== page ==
atomic_fungus (atomic_fungus) wrote,

#4848: Torpedoing the Sanders campaign

It's happened twice now, and I'd wager that it's going to continue to happen as long as Bernie Sanders represents a credible threat to Hillary Clinton's presidential aspirations.

Another take on the latest Sanders shout-down by the same constituency responsible for the first one.

The legion has its marching orders: Hillary in 2016. Nothing else will be acceptable.

* * *

Arguably, welfare reform in 1995 merely changed the nature of the welfare cliff, rather than eliminating it. It used to be that any income at all (just about) knocked you off the welfare rolls; now there's a certain maximum amount you can earn before that happens. A single mother can collect quite a paycheck while working an unskilled job.

...married couples need not apply, of course.

* * *

Vox Day talks about Europe's impending mass deportations.

Economically speaking, life in America should be pretty fricking easy. Computers and automation anhd machinery have done away with a lot of manual labor--when was the last time you saw people digging ditches with shovels and picks?--and the net effect on productivity and prices has been astounding. Any examination of the standard of living results in a baffling conundrum: where did the money go?

Partly it has gone into additional goods and services which didn't exist thirty, forty years ago. In 1975 there were no iPods, no cellular phones; cable TV was not common, computers were either room-sized machines or things hobbyists built from kits. The Internet was still the province of universities and defense contractors, of people who had to know UNIX and other arcana to navigate it.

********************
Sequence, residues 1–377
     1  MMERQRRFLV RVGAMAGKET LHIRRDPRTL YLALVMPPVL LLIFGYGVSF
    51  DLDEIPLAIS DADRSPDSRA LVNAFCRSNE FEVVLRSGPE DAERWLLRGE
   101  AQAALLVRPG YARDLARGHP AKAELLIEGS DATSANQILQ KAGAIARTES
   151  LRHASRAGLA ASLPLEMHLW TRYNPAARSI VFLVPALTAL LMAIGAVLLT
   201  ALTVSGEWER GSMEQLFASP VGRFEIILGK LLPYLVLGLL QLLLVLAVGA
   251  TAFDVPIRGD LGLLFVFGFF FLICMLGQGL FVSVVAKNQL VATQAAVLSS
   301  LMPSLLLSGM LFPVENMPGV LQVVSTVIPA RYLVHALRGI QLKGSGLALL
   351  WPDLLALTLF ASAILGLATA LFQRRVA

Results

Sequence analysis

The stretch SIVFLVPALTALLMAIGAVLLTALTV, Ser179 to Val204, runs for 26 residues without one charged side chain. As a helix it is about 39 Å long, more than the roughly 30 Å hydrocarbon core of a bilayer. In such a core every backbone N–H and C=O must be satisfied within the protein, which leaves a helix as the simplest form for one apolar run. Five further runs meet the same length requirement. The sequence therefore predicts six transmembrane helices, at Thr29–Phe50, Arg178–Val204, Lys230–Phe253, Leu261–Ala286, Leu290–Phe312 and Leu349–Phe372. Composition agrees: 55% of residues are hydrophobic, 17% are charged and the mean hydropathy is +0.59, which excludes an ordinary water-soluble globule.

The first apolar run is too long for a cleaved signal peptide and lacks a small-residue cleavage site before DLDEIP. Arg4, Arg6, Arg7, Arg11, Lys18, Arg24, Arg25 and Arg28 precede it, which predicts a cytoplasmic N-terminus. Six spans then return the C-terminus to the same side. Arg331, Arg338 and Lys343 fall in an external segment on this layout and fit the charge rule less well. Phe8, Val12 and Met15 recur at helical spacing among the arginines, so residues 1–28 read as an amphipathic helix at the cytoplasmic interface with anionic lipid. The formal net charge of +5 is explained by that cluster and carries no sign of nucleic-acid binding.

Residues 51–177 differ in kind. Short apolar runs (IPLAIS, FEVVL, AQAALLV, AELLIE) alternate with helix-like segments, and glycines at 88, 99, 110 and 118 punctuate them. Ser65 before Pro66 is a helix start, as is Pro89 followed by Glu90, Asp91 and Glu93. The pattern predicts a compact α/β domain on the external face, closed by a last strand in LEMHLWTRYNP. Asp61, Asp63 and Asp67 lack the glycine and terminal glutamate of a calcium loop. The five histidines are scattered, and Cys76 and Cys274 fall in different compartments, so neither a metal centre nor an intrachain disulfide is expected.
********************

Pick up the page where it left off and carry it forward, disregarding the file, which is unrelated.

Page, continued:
In 1975, your phone was a beige plastic device about the size of a canned ham that was permanently tethered to a plug in the wall. The big innovation was the introduction of Touch Tone, a few years prior. The technology to build a cellular telephone had not yet been invented.

In 1975, you had four or five television channels, and you were limited by what broadcasts you could receive. CBS-NBC-ABC were in charge of all the programming you were likely to see; if they didn't show it, you didn't see it. The VCR had reached the home market, but cost about a thousand dollars at a time when a good new car cost five thousand. There were no video rental stores, and the home video market was still basically nonexistent. If you were lucky, you lived in a place with PBS and some UHF stations that ran reruns, so you weren't stuck watching whatever the big three felt like running.

You could get a Pong machine to hook to your TV, in 1975. That was state-of-the-art in videogaming.

Computers--in 1975 if you wanted a computer you talked to IBM and wrote a big check, or you busted out the soldering iron and built your own from a kit. Even so, they were pretty expensive, and if you didn't know how to work something like that you had absolutely no use for it.